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Fanny Burney quotes (showing 1-30 of 30)

“Unused to the situations in which I find myself, and embarassed by the slightest difficulties, I seldom discover, till too late, how I ought to act.”
Fanny Burney, Evelina
“Generosity without delicacy, like wit without judgement, generally gives as much pain as pleasure.”
Fanny Burney, Evelina
“She [Evelina] is not, indeed, like most modern young ladies; to be known in half an hour; her modest worth, and fearful excellence, require both time and encouragement to show themselves.”
Fanny Burney, Evelina
“What arguments, what persuasions can I make use of, with any prospect of success, to such a woman as Madame Duval? ...She is too ignorant for instruction, too obstinate for entreaty, and too weak for reason.”
Fanny Burney, Evelina
“To despise riches, may, indeed, be philosophic, but to dispense them worthily, surely, must be more beneficial to mankind.”
Fanny Burney, Evelina
“Never shall I recollect the occasion he gave me of displeasure, without feeling it renewed.”
Fanny Burney, Evelina
“But alas, my dear child, we are the slaves of custom, the dupes of prejudice, and dare not stem the torrent of the opposing world, even though our judgments condemn our compliance! However, since the die is cast, we must endeavor to make the best of it.”
Fanny Burney, Evelina
“I have the honour to be quite of your Lordship's opinion," said Mr. Lovel, looking maliciously at Mrs. Selwyn, "for I have an insuperable aversion to strength, either of body or mind, in a female."

"Faith, and so have I," said Mr. Coverley; "for egad I'd as soon see a woman chop wood, as hear her chop logic."

"So would every man in his senses," said Lord Merton; "for a woman wants nothing to recommend her but beauty and good nature; in every thing else she is either impertinent or unnatural. For my part, deuce take me if ever I wish to hear a word of sense from a woman as long as I live!"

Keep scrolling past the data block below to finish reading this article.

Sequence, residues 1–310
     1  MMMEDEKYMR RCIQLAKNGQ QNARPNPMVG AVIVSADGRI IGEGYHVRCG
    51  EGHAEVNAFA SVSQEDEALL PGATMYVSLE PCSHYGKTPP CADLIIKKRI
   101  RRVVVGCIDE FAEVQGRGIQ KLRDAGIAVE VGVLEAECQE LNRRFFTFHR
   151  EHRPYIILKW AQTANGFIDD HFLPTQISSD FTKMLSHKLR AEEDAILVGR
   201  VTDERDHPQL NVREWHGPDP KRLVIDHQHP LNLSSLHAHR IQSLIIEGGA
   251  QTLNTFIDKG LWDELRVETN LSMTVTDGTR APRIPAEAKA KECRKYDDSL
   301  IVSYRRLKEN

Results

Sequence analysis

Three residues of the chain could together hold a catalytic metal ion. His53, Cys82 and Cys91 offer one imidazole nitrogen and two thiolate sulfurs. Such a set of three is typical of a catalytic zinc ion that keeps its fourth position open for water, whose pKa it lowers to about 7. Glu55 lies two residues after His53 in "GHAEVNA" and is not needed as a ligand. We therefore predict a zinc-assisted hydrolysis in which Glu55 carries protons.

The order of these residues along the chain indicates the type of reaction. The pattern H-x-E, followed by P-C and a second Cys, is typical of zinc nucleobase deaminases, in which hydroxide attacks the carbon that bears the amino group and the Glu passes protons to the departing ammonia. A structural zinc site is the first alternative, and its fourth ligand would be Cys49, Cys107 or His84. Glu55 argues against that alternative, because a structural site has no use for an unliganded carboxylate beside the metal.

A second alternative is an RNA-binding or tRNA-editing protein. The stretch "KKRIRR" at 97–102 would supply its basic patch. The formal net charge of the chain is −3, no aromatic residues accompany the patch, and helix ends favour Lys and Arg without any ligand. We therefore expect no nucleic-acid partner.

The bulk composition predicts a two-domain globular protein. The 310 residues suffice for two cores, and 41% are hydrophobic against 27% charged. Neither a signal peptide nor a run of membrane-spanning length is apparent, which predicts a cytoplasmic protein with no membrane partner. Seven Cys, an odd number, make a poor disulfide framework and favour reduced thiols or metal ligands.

"It has always been agreed," said Mrs. Selwyn, looking round her with the utmost contempt, "that no man ought to be connected with a woman whose understanding is superior to his own. Now I very much fear, that to accommodate all this good company, according to such a rule, would be utterly impracticable, unless we should chuse subjects from Swift's hospital of idiots.”
Fanny Burney, Evelina
“There is nothing", answered he, "which requires more immediate notice than impertinence, for it ever encroaches when it is tolerated.”
Fanny Burney, Evelina
“Lord Orville seemed by no means to think the Captain worthy an argument, upon a subject concerning which he had neither knowledge nor feeling.”
Fanny Burney, Evelina
“The world...is too full of real evil for me at least, to cause one moment of unnecessary uneasiness to any of its poor pilgrims. 'Tis strange...that this is not more generally considered, since the advantage would be so reciprocal from man to man. But wrapt up in our own short moment, we forget our neighbour's long hour! and existence is ultimately embittered to all, by the refined susceptibility for ourselves that monopolizes our feelings.”
Fanny Burney, Camilla
“She [Madame Duvall] seems desirious to repair the wrongs she has done, yet wishes the world to believe her blameless.”
Fanny Burney, Evelina, Or, the History of a Young Lady's Entrance Into the World. the Third Edition. Volume 2 of 3
“..-and the honour you did me, no man could have been more sensible of; I am ignorant, therefore, how I have been so unfortunate as to forfeit it:-but, at present, all is changed! you fly me,-your averted eye shuns to meet mine, and you sedulously avoid my conversation.”
Fanny Burney, Evelina
“he has no more manners than a bear,”
Fanny Burney, Evelina
“You must learn not only to judge but to act for yourself.”
Fanny Burney, Evelina